How much money do you need to “live the dream” in retirement? I’ve been asking friends and family this question. Some have answered quickly with amounts between five and 20 million dollars. Yet, surprisingly, many had difficulty coming up with a single number.
What I learned is the “magic number” means different things to different people. For some, it was a measure of success, a validation for their hard work. For most, money represented security, assurance that they could take care of their families and retire comfortably.
Things get murkier when we try to find that “magic number” that will guarantee happiness. “People always assume that income and happiness go together,” says Toronto-based therapist and social worker Sari Shaicovitch. “In my practice I’ve found that, if basic needs are met, money does not play a huge role in people’s level of happiness. It’s satisfaction from personal relationships, whether through work, friends or family that lessens anxiety and makes people happy.”
There are a number of shortcut methods (see below) to estimate what kind of retirement savings you’ll need to “live the dream”. According Toronto-based financial planner Crystal Soutiere, these back-of-the-envelope calculations are too generalized and won’t work for everyone. “Each person is unique and what she will need to save depends on her lifestyle choices and life expectancy.”
Soutiere suggests that a good starting point is to look at your current budget and then start thinking about the future, then ask yourself: “How do I think my spending change when I retire? Do I want to be debt-free? Do I want to travel? Will I stay in my home or rent?”
“The process of asking yourself these questions is often more important than the plan itself.” Still, it’s never too early to start thinking about creating a retirement plan, she says.
So, let’s set aside the idea of money = happiness but, instead, focus on what it takes to have a financially secure retirement, one that would allow us to enjoy a comfortable lifestyle without financial anxiety. Is there a “magic number” for that?
There is no shortage of back-of-the-envelope shortcuts and each is based on different assumptions, although many build in an annual rate-of-return of 4% and a withdrawal rate of the same. Some of the “classics”, like the 4-Percent-Rule are being challenged by new economic realities, such as current low interest rates, potentially slower global economic growth, and greater longevity.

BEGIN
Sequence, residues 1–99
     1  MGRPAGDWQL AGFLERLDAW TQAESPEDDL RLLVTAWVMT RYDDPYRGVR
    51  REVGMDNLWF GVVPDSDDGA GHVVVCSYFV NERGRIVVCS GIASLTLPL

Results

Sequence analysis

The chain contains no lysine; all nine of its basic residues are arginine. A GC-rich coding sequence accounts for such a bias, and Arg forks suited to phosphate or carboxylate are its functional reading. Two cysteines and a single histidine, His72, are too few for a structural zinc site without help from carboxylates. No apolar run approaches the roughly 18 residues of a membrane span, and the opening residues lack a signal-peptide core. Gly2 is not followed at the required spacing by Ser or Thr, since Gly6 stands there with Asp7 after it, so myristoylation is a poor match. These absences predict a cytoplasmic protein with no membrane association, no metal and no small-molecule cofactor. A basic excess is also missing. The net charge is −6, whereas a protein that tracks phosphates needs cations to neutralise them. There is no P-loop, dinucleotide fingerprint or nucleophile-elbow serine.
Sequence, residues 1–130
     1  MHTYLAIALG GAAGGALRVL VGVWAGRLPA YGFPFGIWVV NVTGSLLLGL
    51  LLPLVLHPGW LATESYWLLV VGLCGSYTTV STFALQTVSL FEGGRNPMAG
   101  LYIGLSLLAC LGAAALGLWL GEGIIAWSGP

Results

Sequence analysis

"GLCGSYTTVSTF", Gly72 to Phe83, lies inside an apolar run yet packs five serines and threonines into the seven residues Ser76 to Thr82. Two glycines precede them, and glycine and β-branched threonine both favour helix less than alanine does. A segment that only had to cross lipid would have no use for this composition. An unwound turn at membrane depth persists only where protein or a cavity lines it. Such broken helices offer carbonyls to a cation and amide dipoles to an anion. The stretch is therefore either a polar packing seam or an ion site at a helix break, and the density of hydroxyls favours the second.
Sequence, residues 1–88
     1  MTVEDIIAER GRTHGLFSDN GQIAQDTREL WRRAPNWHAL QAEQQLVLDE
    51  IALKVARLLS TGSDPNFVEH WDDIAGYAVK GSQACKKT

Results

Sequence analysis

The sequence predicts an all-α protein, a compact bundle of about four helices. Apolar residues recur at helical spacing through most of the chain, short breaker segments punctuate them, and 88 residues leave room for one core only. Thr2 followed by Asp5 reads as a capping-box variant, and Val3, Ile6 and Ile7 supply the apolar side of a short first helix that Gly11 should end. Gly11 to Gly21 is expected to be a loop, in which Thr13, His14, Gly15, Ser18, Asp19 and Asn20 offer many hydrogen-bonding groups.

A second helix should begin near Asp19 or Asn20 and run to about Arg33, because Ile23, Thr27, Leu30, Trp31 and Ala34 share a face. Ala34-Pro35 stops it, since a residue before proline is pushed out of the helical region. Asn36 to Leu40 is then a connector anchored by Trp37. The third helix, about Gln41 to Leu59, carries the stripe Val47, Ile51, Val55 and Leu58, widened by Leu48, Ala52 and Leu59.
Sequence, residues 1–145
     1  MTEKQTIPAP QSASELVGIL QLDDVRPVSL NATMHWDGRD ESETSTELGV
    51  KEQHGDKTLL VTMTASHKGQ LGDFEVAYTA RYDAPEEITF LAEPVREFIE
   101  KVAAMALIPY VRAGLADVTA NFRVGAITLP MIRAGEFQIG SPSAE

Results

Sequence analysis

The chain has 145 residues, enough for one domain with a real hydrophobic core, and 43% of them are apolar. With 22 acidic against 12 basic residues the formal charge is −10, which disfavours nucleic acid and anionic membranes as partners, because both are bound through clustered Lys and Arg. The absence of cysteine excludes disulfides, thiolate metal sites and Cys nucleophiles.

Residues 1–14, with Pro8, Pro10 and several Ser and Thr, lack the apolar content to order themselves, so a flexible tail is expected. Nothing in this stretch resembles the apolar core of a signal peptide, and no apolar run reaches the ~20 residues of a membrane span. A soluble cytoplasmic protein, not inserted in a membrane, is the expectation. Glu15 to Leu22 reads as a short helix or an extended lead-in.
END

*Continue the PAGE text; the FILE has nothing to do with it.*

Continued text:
Here are some of the most common rules. Try them out for a quick sense of how close you are to your “magic number”. Keep in mind that many of us will also receive income from CPP/QPP, OAS, as well as company pension plans.
Calculate what 70% of your final year of employment earnings would be. That the annual amount that you will likely spend in retirement.
What amount of savings would you need to have in order to generate that annual income? This is the amount you will need to have saved at retirement. For example, if your annual employment income is $100,000, you’ll likely spend $70,000 (before tax) in retirement. To generate $70,000/year, you would need to have saved $1,750,000, assuming an investment growth rate of 4%.
Multiply by 25 Rule
What is your desired annual income in retirement?
Multiply that amount by 25. That is the amount you need to have saved at retirement. For example, if you want $70,000 annually, you’ll need to save, surprise! $1,750,000. (Based on the same assumptions as above.)
4 Percent Rule
This is considered the “safe” withdrawal rate from your retirement savings to prevent depleting too early. In your first year of retirement, you would withdraw 4% of the value of your portfolio. In subsequent years, you would adjust this amount for inflation.
Calculate your after-tax monthly expenditure (or what you’d like to spend monthly in retirement) and multiply it by 300. That is the amount you need at retirement. This is based on the stereotypical 4% withdrawal rate. For example, if you want to spend $5,000/month, you’d need to save $1,500,000.